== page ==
Should traditional emergencies arise during a scheduled visit, Dr. Fife likens this scenario to something that can happen to any first responder or EMT at any time. “It’s a challenge to respond to an emergency regardless of whether you’re in someone’s home at the time of a 9-1-1 call or if you are in the store picking up groceries,” she said. “That is an issue these professionals always have to deal with. Of course, when it comes to an emergency, you would much rather have an EMT or a paramedic in your house than a visiting nurse.”
VIEWS FROM THE FIELD
At Longwood Fire Company in Kennett Square (PA), Matt Eick, EMS Captain, is not experiencing a vast patient caseload with difficulty healing their chronic wounds beyond the care they receive in outpatient centers. But he does envision a means in which he and his colleagues could benefit wound care patients and wound clinics, should a need arise in the region. “In general, with good collaboration, the community paramedic could essentially be an ‘agent’ of the wound care clinic and could help to keep the patients in their homes more often and serve the needs of the wound care clinic to make sure wounds are healing appropriately,” he said. “The community paramedic is almost like a catch-all for whatever service that patient may need immediately after discharge and return home. The community paramedic is also another set of eyes that can identify a wound that is potentially becoming infected or not healing appropriately. A lot of times, the community paramedic is going to fill in that gap and help educate that patient on how a simple visit to their doctor could prevent them from ending up back in the hospital for a long period of time.” n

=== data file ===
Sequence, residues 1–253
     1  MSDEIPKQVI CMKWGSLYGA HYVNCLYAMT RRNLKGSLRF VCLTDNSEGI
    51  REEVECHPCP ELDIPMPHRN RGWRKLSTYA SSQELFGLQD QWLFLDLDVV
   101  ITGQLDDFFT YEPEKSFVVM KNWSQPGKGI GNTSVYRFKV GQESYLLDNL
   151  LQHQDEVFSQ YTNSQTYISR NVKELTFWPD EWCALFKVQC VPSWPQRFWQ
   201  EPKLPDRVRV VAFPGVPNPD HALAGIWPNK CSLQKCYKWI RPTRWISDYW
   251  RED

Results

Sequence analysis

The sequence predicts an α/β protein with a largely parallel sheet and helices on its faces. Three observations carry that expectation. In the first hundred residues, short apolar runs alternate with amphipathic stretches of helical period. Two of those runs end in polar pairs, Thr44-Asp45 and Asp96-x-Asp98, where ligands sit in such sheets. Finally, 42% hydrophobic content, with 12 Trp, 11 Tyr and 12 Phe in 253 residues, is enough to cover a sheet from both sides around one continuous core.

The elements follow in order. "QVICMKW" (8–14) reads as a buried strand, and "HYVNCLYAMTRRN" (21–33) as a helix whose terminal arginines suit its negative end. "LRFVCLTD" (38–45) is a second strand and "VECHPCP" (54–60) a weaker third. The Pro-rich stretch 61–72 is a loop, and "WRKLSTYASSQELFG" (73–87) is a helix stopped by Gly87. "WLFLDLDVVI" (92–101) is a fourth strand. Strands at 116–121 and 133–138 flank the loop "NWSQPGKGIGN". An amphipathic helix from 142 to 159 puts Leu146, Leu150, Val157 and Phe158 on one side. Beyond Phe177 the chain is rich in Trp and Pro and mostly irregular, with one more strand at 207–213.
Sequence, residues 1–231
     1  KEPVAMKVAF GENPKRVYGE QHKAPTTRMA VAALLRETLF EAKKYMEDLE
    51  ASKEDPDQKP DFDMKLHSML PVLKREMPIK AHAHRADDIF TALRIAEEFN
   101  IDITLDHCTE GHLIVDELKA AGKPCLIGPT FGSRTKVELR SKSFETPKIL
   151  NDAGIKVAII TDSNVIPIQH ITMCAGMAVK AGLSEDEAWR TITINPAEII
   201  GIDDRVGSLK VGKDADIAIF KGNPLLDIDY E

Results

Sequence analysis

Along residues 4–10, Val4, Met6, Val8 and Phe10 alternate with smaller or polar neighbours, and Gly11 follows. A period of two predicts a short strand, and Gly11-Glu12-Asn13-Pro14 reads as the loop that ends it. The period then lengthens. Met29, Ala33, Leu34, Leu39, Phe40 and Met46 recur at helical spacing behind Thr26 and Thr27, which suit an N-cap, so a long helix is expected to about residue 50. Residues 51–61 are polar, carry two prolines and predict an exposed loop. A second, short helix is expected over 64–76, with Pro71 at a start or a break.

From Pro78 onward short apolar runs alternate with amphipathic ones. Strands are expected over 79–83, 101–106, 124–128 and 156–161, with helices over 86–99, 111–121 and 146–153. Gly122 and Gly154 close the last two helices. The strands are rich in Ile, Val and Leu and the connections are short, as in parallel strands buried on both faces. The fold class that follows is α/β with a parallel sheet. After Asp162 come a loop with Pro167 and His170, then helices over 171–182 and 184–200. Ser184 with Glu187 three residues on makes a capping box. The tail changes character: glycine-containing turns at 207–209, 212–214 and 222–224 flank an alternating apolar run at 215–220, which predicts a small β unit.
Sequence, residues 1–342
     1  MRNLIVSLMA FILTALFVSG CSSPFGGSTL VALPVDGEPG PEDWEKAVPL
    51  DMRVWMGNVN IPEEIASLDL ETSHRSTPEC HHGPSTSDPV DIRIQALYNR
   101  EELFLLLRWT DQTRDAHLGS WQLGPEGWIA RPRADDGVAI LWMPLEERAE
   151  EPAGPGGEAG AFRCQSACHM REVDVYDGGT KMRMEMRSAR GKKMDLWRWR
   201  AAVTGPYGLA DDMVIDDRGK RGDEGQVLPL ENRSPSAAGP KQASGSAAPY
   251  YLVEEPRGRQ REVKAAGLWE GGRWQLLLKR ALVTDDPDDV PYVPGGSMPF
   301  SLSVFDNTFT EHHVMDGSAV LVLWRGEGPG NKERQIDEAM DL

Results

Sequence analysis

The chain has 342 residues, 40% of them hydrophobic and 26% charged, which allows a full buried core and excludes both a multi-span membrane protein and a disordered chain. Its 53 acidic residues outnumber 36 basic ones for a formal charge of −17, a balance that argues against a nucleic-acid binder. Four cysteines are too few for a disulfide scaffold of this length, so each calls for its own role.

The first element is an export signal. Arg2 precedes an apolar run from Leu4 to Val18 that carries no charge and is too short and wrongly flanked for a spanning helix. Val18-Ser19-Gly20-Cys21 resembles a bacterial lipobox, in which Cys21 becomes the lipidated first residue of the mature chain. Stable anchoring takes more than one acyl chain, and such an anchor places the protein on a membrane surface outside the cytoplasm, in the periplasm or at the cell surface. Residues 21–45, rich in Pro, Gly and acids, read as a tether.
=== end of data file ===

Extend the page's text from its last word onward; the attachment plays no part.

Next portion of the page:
Joe Darrah is Director of Alumni Relations at Rosemont College, Rosemont, PA.
1. Sen CK, Gordillo GM, Roy S, et al. Human skin wounds: a major and snowballing threat to public health and the economy. Wound Repair Regen. 2009;17(6):763-771.
2. Community Paramedicine. Rural Health Information Hub. www.ruralhealthinfo.org/topics/community-paramedicine#role. Updated June 26, 2018.
3. Introduction to Community Paramedicine. California Emergency Medical Services Authority. https://emsa.ca.gov/community_paramedicine. Published 2019.
4. Zavadsky M, Hagen T, Hinchey P, McGinnis K, Bourn S, Myers B. Mobile Integrated Healthcare and Community Paramedicine (MIH-CP). Clinton, MS: National Association of Emergency Medical Technicians; 2015.
5. IAFCCP Offers New Online Community Paramedic Course. EMS World. www.emsworld.com/press-release/221278/iafccp-offers-new-online-community-paramedic-course. Published September 18, 2018.
6. DeCherrie L. Community Paramedicine is at the Forefront of Home Care Medicine. American Academy of Home Care Medicine. www.aahcm.org/page/cp.